Thursday, May 19, 1921
This writer knows this sounds like a lie, but it is vouched for by a man whose truth and veracity are not questioned in his presence. He is a citizen of this town and was trying to make it to a settlement, and the lights of his automobile went wrong.
He borrowed a lantern and had not proceeded far when it was jolted off and badly smashed. He tried to run in the dark, but found it too dangerous. Seeing the lights of a car approaching, he thought he would flag it down and ask them to drive slowly so he could follow their light into town.
As he waved his lantern, there was the sound of breaking glass among the rocks on the hillside. The car stopped and while the occupants were known to the belated traveler, he received a cool reception.
When he told his business, the temperature seemed to go a little lower, if anything. And then, the pitiful story came out.
They had expected to travel in a snake infested country; they had the opportunity to secure a half gallon of moonshine and they had fortified against a dry day.
When they saw they were being flagged down, they took no chances and put the evidence over the side of the road.
It hit a rock.
Married, Gilbert Dahmer and Miss Nola May Bennett, May 11, 1921, at the parsonage, Rev. F. B. Wyand officiating.
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The northern lights came down in all their glory last Saturday night. Seldom are they seen here, and it was an unusually fine display. Telegraph instruments responded to the electric currents and went crazy for a couple of hours.
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Scientists detected a sunspot, ninety-one thousand miles long, on the sun last Sunday. It is supposed to have had an influence in the recent cold wave which started in Nebraska and is reported as moving east.
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George W. Ginger is advertising a lot of livestock and personal property at his farm at Huntersville. He has a lot of good stuff, more than he needs.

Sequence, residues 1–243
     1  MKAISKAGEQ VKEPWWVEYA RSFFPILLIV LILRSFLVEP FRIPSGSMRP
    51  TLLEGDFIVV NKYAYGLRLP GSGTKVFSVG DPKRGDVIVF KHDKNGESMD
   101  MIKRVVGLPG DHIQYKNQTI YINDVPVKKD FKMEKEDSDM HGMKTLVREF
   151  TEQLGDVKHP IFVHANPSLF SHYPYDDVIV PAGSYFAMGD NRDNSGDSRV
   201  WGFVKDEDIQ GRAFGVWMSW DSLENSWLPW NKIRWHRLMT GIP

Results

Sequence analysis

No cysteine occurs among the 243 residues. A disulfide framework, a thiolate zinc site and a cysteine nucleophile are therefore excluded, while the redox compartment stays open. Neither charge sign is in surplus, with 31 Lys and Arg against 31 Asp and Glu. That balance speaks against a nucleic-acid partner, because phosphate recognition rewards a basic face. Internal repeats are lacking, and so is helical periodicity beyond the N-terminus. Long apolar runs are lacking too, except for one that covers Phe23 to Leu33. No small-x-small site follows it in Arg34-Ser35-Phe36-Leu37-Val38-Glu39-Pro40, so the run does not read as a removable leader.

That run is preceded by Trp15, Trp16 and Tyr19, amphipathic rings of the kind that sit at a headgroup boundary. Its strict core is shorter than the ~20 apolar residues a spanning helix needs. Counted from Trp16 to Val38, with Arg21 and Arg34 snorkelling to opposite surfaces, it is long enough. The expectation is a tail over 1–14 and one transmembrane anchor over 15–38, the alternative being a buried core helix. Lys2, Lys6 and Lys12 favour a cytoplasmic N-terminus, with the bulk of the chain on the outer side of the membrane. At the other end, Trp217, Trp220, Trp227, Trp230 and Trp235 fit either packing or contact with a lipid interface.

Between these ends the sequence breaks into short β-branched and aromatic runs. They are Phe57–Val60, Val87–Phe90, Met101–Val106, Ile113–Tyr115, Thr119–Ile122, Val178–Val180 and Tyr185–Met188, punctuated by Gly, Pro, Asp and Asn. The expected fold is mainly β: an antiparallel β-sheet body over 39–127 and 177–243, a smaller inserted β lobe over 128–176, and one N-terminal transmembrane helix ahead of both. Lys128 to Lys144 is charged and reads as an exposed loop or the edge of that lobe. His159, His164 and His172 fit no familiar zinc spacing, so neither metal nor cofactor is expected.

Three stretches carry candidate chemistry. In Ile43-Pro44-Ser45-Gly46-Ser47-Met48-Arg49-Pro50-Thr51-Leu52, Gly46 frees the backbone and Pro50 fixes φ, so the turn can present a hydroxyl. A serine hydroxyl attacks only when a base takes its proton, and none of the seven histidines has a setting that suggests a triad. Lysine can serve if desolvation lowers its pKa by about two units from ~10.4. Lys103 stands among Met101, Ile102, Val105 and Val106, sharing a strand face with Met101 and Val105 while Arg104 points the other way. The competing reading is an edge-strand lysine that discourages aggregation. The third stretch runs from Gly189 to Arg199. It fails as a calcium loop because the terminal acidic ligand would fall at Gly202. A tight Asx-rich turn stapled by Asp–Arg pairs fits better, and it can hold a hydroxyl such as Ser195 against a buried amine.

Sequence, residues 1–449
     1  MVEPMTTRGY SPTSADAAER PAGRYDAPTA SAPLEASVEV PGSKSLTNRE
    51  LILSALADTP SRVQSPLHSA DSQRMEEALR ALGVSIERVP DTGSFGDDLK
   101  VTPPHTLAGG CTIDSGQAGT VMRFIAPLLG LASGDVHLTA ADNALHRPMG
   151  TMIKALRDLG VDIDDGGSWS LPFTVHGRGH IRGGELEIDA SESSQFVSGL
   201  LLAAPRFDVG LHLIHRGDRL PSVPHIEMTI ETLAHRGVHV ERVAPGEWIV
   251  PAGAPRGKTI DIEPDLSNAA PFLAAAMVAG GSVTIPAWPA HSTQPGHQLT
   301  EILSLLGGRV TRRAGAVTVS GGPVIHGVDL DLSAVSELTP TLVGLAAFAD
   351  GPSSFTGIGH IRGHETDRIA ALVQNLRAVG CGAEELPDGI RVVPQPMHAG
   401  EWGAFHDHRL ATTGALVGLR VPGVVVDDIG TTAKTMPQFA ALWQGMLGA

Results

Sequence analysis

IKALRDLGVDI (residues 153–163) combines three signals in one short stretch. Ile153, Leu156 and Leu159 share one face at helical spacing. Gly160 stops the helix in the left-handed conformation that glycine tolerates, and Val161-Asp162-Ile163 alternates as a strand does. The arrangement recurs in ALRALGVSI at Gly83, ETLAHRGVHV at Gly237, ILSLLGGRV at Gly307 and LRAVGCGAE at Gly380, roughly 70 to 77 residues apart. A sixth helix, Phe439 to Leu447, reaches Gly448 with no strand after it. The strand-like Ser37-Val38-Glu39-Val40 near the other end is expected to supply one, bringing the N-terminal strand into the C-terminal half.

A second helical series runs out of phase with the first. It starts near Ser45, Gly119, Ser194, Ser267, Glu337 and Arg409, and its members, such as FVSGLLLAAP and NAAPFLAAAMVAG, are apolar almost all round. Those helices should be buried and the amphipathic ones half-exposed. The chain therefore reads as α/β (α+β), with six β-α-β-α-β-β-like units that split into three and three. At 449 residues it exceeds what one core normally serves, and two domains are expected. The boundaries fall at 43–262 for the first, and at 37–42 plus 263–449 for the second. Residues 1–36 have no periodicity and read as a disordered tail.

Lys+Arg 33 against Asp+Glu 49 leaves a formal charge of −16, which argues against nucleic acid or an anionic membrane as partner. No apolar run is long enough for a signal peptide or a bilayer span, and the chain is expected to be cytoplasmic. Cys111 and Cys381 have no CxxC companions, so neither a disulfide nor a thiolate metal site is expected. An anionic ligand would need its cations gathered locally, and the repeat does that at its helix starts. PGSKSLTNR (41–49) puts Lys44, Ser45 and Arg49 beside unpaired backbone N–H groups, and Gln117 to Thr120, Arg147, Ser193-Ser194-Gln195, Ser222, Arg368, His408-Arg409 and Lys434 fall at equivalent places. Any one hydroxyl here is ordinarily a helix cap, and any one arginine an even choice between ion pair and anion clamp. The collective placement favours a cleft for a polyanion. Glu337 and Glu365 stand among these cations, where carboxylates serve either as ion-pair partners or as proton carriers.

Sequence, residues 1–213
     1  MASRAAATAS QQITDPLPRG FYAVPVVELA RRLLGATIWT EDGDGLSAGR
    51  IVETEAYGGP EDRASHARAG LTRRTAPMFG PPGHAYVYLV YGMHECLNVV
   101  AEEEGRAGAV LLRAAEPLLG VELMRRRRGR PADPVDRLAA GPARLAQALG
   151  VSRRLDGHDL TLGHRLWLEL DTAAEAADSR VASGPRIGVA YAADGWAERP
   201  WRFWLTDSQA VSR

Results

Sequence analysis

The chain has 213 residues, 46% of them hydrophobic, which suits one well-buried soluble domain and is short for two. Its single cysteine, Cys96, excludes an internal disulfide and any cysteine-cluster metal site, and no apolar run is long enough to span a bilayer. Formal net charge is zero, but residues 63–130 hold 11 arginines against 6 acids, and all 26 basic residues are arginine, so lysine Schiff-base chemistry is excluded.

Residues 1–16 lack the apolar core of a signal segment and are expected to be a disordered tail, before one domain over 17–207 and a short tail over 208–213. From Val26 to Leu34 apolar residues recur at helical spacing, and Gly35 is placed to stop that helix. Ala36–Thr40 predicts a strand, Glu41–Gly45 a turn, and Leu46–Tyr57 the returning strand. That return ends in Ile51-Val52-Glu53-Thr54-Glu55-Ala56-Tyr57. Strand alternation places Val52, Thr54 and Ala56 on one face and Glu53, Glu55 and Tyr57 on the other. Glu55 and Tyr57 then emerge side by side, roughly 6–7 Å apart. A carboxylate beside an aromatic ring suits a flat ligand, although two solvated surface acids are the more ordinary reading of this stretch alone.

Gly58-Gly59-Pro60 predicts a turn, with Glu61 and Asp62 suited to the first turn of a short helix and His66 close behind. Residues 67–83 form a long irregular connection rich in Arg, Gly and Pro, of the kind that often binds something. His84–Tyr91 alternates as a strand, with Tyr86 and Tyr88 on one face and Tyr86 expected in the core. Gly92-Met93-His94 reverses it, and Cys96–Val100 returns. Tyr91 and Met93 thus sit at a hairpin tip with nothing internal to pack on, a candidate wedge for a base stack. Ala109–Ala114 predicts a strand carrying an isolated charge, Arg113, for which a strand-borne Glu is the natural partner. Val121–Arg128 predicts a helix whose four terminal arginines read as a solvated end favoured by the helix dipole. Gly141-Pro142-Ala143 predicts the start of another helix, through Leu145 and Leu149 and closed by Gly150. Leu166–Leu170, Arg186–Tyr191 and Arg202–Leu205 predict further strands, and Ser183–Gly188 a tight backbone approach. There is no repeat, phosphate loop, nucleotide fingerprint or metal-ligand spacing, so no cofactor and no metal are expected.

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Monday was show day in town, and a big crowd of well dressed, well behaved people filled the tent of the Campbell-Bailey-Hutchison shows until there was standing room only. It was a good show, decent and respectable in every particular. Marlinton maintained her reputation as a show town, the circus having the best day’s business it has enjoyed this season. If prohibition don’t prohibit, something else does, for there was no sign of drinking or drunkenness here Monday.
Decoration service at the Beaver Creek graveyard on the fifth Sunday of May at three o’clock p.m. The public is invited.
O. P. McNeil, P. C.
West Virginia has passed a law providing fines and imprisonment for ladies who steal other ladies’ husbands. – by James J. Montague
In Tennessee, New Mexico,
Nebraska or Wyoming,
It’s safe for brazen vamps to go
With benedicts a-roaming.
In North Dakota, Michigan,
New York or Colorado,
A jane may vamp a married man
With undisguised bravado.
So, vamps, you’re free to make your dates
With all the guile that’s in ya
In forty-seven sovereign states,
But not in West Virginia.
For if you pick some likely chap
In Charleston or in Wheeling
Who has a million and whose map
Is winsomely appealing,
Unless he is a bachelor
Do not exert your powers
And, when you land him, nick him for
Swell jewelry or flowers.
Beware of vamping him by stealth,
Which you’ve perhaps projected,
For in that rock-ribbed commonwealth
A husband is protected.
In Maine, Wisconsin, Illinois,
Vermont and California
Are homes it’s legal to destroy;
But solemnly we warn ya
In West Virginia not to tempt
A married man to falter,
For in that state, they’re all exempt
When led once to the altar.
Else in a dungeon, dark and damp,
They’ll clap you, for repentance,
And there will be no chance to vamp
While you serve out your sentence.
Mrs. Madora Alice Carr, wife of J. P. Carr, died at her home at Clawson on Sunday night, May 1, 1921.
She was born May 20, 1857, therefore lacking only a few days of being 64 years old.
On Friday night before her death, she was taken seriously ill, everything was done for her that kind hands and loving hearts could do, but the summons had come from on high.
About forty years ago, she married J. P. Carr, and to this union were born eleven children, four of whom preceded her to the grave.
She was a kind, loving mother, a devoted wife and, to her neighbors, she was always ready to lend a helping hand. In sickness, no night was too dark for her to go when she was called, and nothing was left undone that she could do.
She will be greatly missed in the neighborhood where she lived as well as in the home. She was a member of the M. P. Church at Fairview, always striving for that better world, which she is enjoying today.
Funeral services were conducted from the Clawson church Wednesday following her death at 2:00 p.m. by Rev. Hogsett, of Mill Point, after which she was laid to rest beside her children in the Clawson Cemetery.
Besides her husband, she leaves to mourn her departure four boys and three girls, S. T. Carr and Eliot Carr, of Clawson, and E. M. Carr, of Beard; Mrs. Lomberger, Mrs. Rollie Warner and Miss Augusta, all of Akron, Ohio. She also leaves one sister, Mrs. Frank Jackson, and two brothers, A. S. and Newton D. Friel, and a host of friends, which was shown by the large crowd that attended her funeral, the beautiful flowers that were strewn on her grave and tendered sympathy to the bereaved husband and children.
Dearest Mother, thou art gone and, oh, how we miss thee in the home; friends and neighbors will miss thee, but thy spirit is hovering near.